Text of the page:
Religion and AIDS Treatment in Africa: Saving Souls, Prolonging Lives

Religion and AIDS Treatment in Africa:
Saving Souls, Prolonging Lives
Edited by Rijk van Dijk, Hansjörg Dilger, Marian Burchardt and Thera Rasing

Ashgate September 2014

http://www.ashgate.com/isbn/9781409456698

This book critically interrogates emerging intertconnections between religion and biomedicine in Africa in the era of antiretroviral treatment for AIDS. Highlighting the complex relationships between religious ideologies, practices and organizations on the one hand, and biomedical treatment programmes and the scientific languages and public health institutions that sustain them on the other, this anthology charts largely uncovered terrain in the social science study of the Aids epidemic.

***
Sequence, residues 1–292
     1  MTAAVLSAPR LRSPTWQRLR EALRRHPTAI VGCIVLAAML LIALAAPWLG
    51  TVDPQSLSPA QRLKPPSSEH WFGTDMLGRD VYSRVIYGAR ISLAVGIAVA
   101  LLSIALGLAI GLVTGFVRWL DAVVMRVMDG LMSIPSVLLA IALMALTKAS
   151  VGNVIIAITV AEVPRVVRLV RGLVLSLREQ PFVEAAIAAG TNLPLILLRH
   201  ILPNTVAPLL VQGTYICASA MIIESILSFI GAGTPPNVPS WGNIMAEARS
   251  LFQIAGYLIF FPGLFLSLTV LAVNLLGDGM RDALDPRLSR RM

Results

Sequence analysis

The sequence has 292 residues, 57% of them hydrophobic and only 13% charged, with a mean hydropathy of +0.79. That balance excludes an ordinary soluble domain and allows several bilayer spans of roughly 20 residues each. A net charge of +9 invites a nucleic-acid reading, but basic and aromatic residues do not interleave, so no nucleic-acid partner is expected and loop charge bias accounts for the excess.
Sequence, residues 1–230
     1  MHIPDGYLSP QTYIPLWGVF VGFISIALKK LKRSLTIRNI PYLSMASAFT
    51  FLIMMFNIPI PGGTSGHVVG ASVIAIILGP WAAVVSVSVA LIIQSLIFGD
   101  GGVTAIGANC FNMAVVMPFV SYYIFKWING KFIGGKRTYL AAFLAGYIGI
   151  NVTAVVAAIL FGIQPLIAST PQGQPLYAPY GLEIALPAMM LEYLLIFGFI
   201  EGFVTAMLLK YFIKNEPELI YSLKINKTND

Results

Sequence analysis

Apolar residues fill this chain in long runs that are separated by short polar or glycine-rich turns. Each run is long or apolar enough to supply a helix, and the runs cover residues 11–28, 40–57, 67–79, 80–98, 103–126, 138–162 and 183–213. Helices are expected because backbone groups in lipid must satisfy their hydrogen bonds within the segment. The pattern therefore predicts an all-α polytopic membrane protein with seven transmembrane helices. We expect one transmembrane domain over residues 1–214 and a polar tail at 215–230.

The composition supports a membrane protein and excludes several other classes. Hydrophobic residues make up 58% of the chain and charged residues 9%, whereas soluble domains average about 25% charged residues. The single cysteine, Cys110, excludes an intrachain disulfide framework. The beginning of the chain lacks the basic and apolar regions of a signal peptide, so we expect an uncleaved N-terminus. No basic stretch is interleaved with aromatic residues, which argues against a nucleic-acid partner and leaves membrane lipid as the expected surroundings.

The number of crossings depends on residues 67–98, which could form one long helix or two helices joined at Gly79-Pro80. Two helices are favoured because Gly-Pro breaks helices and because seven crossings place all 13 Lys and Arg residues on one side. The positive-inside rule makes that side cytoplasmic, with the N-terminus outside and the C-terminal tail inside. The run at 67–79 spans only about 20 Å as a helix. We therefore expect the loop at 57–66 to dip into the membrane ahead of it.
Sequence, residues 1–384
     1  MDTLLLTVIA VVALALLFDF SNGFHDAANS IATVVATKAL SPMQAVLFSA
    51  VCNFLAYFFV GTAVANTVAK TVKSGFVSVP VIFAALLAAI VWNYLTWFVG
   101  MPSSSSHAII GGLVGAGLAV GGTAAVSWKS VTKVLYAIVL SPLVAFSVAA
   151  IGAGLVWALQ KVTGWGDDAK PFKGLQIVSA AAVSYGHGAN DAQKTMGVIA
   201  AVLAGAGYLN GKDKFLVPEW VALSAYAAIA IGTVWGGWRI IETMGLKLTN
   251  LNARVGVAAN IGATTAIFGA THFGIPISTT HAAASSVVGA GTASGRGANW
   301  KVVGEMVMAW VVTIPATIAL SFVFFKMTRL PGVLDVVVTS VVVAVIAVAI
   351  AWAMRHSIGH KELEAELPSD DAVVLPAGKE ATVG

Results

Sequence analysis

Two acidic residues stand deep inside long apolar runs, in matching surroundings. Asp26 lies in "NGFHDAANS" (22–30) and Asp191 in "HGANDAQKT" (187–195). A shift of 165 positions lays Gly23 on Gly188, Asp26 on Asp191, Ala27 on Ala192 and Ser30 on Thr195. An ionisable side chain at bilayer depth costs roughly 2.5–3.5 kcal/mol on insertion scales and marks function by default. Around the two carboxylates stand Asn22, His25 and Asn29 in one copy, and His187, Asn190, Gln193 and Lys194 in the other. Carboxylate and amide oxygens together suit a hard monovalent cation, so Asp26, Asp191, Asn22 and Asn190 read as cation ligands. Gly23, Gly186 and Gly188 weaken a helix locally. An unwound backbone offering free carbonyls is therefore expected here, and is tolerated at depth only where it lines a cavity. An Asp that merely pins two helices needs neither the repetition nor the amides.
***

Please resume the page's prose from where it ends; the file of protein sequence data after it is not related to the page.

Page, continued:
Spanning different regions of Africa, the authors offer unique access to issues at the interface of religion and medical humanitarianism and the manifold therapeutic traditions, religious practices and moralities as they co-evolve in situations of AIDS treatment. This book also sheds new light on how religious spaces are formed in response to the dilemmas people face with the introduction of life-prolonging treatment programmes.

Contents: Introduction: religion and AIDS-treatment in Africa: the redemptive moment, Hansjörg Dilger, Marian Burchardt and Rijk van Dijk.
Part I Agency, Subjectivity, and Authority: Fashioning selves and fashioning styles: negotiating the personal and the rhetorical in the experiences of African recipients of ARV treatment, Felicitas Becker; The logic of therapeutic habitus: culture, religion and biomedical AIDS treatments in South Africa, Marian Burchardt; ‘A blessing in disguise’:
the art of surviving HIV/AIDS as a member of the Zionist Christian Church in South Africa, Bjarke Oxlund; ‘God has again remembered us!’:
Christian identity and men’s attitudes to antiretroviral therapy in Zambia, Anthony Simpson. Part II Contesting Therapeutic Domains and